Studies show that exercises to strengthen your pelvic floor muscles can help the estimated 13 million Americans who have urinary incontinence and experts say – with the correct instruction, the exercises can be easily learned.
“We want to make sure more people know about the muscles so they can work on the exercises. That’s the most important message – that women understand this is a problem that can be treated,” says Sheila Dugan, MD, co-director of Rush University Medical Center’s Program for Abdominal and Pelvic Health in Chicago.
Dr. Dugan says women need to be better educated about how to isolate the muscles that lift the pelvis floor, which is one of the core goals of the Women’s Health Foundation. Missy Lavender, executive director of the Women’s Health Foundation, founded the group after recovering from urinary incontinence she developed after having a baby at the age of 40.
“People are stumbling around living with things not working right ‘down there,’ because we don’t have enough dialogue about this part of our body and we can’t always articulate it,” Lavender says. “The first thing to know is pelvic floor exercises, when done correctly, can help the majority of women with stress urinary incontinence.”
Lavender says one simple way to do the exercises is to lay on your back with your knees bent and your feet flat on the floor. She suggests putting your hands on your buttocks to focus on keeping them relaxed and to better isolate the proper internal muscles. Then she suggests drawing your vaginal muscles up and in. Lavender says the movements should feel like you are trying to stop the flow of urine or squeezing to keep from passing gas. She says doing the exercises while listening to waltz music also can help as you work to figure out the timing.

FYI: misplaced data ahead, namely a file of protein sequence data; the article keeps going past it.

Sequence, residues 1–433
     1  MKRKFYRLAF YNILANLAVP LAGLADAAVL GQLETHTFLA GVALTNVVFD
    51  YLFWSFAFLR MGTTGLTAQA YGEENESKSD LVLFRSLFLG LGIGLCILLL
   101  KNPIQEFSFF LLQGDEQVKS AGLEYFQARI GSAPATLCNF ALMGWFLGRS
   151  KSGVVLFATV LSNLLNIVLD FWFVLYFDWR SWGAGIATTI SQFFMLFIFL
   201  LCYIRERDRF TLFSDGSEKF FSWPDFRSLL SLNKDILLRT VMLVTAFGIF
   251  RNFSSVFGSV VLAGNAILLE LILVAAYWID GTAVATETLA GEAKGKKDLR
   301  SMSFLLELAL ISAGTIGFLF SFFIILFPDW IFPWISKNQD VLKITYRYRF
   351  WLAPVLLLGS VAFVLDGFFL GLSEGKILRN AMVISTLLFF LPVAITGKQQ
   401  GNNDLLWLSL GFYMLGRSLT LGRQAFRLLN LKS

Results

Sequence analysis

“You need quick fixes and long holds in the pelvic floor to exercise two different kinds of muscles,” Lavender explains. “So we recommend alternating with a set of waltzes – short holds with a short rest – and then 10 squeezes for 10 seconds, once a day. One important thing with these exercises is to completely rest and relax the pelvic floor between each sustained contraction or set of waltzes. So perform a 10 second hold followed by a 10 second rest.”
Finding the “right muscles” to work can be challenging, cautions Lavender.
“In the beginning, you may have trouble locating your pelvic floor or knowing if you are properly squeezing,” Lavender says. “Don’t struggle. Find a coach like a pelvic floor physical therapist or talk to your doctor.”
“Most of all, hang in there,” she says. “People need to know that when they’re starting this kind of regimen, if they can’t hold for 10 seconds, it’s OK. Just relax in between tries and go again. And maybe tomorrow they get to four repetitions. That’s a great stating point.”
Lavender says as patients strengthen their pelvic floor, they can progress in duration and position of exercises and eventually work up to sitting and standing while doing them to really challenge the muscles.
For more information, you can visit the Women’s Health Foundation’s Healthy Pelvis Center.